Selecting the right contractor: What you need to know

Do you plan to build your own house, or undertake the renovation or remodeling of your condominium unit? Do you need to carry out any repairs?

Regardless of the scale of construction work needed, choosing the right contractor is both critical and crucial. Unfortunately, selecting the right contractor is not that easy. Should you end up with the wrong contractor, it can negatively impact your project by increasing your cost, and, or worse, put your life at risk due to inappropriate and incorrect construction methodologies. 

Scope the work properly

It is important to understand the specific needs of your project. As contractors come in varied classes, sizes, experiences, and specializations, you can only properly pre-qualify or pre-screen your contractors if you know what you want them to do for you. Make a list of your requirements, including permits should you wish to secure it too. 

Have a budget in mind. Contractors should adhere to your requirements and budget.

Pre-qualify contractors

Ask for referrals. Ask for recommendations from family and friends. With their first-hand experience, you are better assured of the constructor’s work and quality.

Check credentials. Review the contractors’ qualifications. Inquire about their reputation, work experience, specialization, quality and workmanship, health and safety performance records, and customer service. Ask if they will be undertaking the work themselves, who they will assign to the project, or if they plan to engage sub-contractors. Ask for their references and validate if there is negative feedback.

Consider the present workload. Is the contractor busy with other projects? A contractor with several ongoing projects may not be able to provide your project with enough attention or workers.

Decide which one to choose

Selection criteria. Many choose their contractor principally based on cost. This should only be done if the work is well-defined. Preferably, the bid price/proposal should be considered together with the contractor’s qualification.

Often,quality materials cost more, while equivalent materials cost less. If you expect your contractor to supply fixtures and or accessories, ask for the brand names. An experienced contractor should be able to properly explain the pros and cons of using different or alternative materials, without sacrificing the quality of the work to be delivered.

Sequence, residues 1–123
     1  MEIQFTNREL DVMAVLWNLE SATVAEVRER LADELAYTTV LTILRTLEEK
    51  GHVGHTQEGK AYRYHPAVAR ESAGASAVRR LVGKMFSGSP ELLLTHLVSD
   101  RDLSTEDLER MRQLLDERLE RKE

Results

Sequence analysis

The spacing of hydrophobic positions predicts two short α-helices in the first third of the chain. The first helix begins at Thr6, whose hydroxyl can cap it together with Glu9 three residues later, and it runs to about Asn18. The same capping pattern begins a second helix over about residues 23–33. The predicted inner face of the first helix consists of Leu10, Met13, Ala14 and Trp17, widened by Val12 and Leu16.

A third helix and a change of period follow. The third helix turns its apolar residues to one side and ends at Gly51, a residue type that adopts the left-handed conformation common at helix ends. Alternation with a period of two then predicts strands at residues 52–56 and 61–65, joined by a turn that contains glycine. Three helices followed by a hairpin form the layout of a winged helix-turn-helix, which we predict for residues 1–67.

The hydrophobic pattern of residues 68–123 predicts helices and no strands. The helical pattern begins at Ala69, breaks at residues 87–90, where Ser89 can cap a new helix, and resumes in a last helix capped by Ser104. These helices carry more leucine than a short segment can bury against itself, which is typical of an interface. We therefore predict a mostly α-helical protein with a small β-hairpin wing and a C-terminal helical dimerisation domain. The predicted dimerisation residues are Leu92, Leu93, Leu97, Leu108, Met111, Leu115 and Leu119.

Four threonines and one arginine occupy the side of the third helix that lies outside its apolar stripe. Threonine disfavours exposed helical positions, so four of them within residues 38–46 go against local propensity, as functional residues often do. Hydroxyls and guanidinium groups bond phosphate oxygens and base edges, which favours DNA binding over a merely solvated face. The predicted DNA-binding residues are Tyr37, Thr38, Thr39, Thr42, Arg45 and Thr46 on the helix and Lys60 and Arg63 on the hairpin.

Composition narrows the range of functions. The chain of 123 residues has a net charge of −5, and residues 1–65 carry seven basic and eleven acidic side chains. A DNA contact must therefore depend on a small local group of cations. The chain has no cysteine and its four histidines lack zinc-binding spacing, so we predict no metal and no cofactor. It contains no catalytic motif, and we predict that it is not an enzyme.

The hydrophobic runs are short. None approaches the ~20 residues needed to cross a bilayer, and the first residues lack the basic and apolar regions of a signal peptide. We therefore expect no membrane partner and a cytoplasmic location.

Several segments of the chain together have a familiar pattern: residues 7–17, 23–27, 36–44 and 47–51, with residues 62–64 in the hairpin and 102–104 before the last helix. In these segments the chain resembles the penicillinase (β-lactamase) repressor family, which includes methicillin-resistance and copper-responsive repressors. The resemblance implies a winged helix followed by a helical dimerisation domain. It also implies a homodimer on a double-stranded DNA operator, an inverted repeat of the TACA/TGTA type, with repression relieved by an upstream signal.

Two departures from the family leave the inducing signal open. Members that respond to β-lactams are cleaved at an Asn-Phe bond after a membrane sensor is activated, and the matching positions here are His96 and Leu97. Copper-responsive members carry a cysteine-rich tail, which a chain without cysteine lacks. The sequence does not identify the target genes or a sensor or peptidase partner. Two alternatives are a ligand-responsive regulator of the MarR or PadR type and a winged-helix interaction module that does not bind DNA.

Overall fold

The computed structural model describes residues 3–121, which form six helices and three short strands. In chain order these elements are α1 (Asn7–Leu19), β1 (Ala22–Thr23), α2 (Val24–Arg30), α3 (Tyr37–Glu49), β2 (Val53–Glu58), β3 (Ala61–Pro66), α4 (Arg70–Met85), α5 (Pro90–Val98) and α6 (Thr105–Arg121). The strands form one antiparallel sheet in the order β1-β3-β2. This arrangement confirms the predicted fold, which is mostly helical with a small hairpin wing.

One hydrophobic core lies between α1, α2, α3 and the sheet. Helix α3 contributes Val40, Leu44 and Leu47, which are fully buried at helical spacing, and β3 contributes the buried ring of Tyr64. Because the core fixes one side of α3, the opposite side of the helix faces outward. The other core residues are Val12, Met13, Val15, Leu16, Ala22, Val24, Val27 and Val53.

Get estimates. As much as possible,don’t be pressured into settling with one contractor immediately, unless you already have a working experience with him. Ask around for other quotes, so you know how long it will take your project to be completed and to secure the most responsive bid. If a proposal is surprisingly high or low, ask why.

Don’t pay the full amount upfront. It is a standard practice to give a small amount as a down payment, and progressively pay for completed works throughout the construction period. You may also agree with the contractor to reimburse him for materials, supplies, fixtures, and or accessories delivered on-site. You are not expected to fully pay for the entire project before it is completed. 

Prioritize customer service. Choose a contractor who prioritizes customer service, is honest and transparent, as it will hopefully provide you a stress-free project experience.

Pre-, during and post-construction

Written contract. Enter into a contract, with the following provisions:detailed scope work and contract price; payment schedule, including retention of payment, if any;estimated duration of project, including start and completion date;special conditions such as contractor’s guarantees and validity of the guarantee; manner of addressing change orders; basis for contract cancellation, penalty clause, etc.

Record keeping. Keep all files properly, including agreed plans and specifications, bills and invoices, and any change order.  Make sure to keep records of your transactions, such as correspondences, meeting notes, delivery receipts of materials brought in and out of the job site, and certificates or warranties of specialized equipment and appliances, etc. 

Delays can happen. Contractors tend to under-promise when giving you a delivery date. Despite that, delays may still happen. Bad weather, typhoons, heavy rains, lack of workers, or delayed delivery of needed construction materials can affect the work’s completion target. Pre-agree on how delays are to be settled, and be prepared to negotiate.

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Henry L. Yap is an Architect, Fellow of both Environmental Planning and Real Estate Management. He is one of the Undersecretaries of the Department of Human Settlements and Urban Development.